The Heron Portico, Nairobi
Kenya's capital city has risen in a single century from a brackish uninhabited swampland to a thriving modern capital. The local Maasai called this highland swamp Ewaso Nai'beri - the place of cold water. When railway construction workers reached this area in 1899, they set up a basic camp and supply depot, simply called 'Mile 327'. The camp became a rustic village, and then a shanty town, which by 1907 was the capital of all of British East Africa. It was soon an important centre for the colony and a mecca for adventurers, hunters and travellers from all over the world.
Modern Nairobi is still the safari capital of Africa, but the modern world has quickly caught up with the city. A frontier town no more, Nairobi has become one of Africa's largest, and most interesting cities. Nairobi is a city that never seems to sleep.
Weekly Air India flights connect Mumbai and Nairobi. The hotel is located at a distance of 3 km from the city centre and about 18 km from the Jomo Kenyatta International Airport.
Railways link Nairobi to Mombasa, Kenya's second largest city, on the Indian Ocean and Kisumu, the third largest city, on the shores of Lake Victoria.
Nairobi is connected by paved roads to Kenya's other major urban centres such as Mombasa, Kisumu, Nakuru, Kisii and Kericho. A paved road also links Nairobi to northern Tanzania's major tourist, agricultural, and commercial centre, Arusha.
Nearby places of interest
The Nairobi National Park is unique in being the only game-reserve of this nature to border a capital city, or any major city. It is teeming with game and contains almost everything you might see in bigger more remote parks, except elephants.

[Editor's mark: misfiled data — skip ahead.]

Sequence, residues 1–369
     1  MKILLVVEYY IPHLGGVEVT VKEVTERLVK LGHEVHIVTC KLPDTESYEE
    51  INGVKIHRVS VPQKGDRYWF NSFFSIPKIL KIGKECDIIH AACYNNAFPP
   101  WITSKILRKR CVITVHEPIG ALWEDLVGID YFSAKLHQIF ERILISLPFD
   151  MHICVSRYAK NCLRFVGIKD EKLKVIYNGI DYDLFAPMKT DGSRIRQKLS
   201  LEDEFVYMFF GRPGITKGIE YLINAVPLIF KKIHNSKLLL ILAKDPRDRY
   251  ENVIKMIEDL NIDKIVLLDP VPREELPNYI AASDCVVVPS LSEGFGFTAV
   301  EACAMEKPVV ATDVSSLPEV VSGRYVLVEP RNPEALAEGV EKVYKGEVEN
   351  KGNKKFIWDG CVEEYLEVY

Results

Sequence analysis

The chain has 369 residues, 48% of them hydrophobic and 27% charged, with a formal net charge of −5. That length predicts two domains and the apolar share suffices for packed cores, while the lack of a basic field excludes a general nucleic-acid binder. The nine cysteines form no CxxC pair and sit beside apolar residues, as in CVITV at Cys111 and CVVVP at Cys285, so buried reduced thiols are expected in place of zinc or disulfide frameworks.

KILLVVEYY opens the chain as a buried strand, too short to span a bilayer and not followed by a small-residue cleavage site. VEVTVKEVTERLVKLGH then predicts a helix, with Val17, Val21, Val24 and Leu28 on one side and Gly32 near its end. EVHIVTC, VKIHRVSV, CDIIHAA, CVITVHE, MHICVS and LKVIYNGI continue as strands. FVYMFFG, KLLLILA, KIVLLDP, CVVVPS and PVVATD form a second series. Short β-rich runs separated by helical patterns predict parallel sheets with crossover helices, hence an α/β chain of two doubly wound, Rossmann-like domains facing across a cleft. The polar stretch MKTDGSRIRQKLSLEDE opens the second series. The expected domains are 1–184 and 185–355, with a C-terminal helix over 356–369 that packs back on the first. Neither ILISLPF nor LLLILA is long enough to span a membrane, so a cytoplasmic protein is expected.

The Nairobi National Museum is the country's National Museum and largest in the city. It houses a large collection of artefacts portraying Kenya's rich heritage through history, nature, culture, and contemporary art. It also includes the full remains of a homo erectus popularly known as the Turkana boy. Other prominent museums include the Nairobi Gallery.
Nairobi Railway Museum is home to a collection of photographs from the construction of the railway linking the East African coastal town of Mombasa to the town of Kisumu on the shores of Lake Victoria at the beginning of the 20th century period, including a picture history of Nairobi from its infancy, and images of other occurrences and milestones during the railway construction.
The Museum also has a yard with exhibits of the different steam engine locomotives used on the railway system from 1898 when the first train set off on its maiden voyage from Mombasa.
Karen Blixen Museum is located in the affluent Karen suburb. For anyone with an interest in Karen Blixen's book, Out of Africa or the subsequent film, this museum is a must see. The author lived on a coffee estate in a house known as Bogani from 1914 until 1931.
This area has now developed into the modern suburb of Karen on the outskirts of Nairobi. The house is now a National Museum, and is maintained for visitors in its original condition.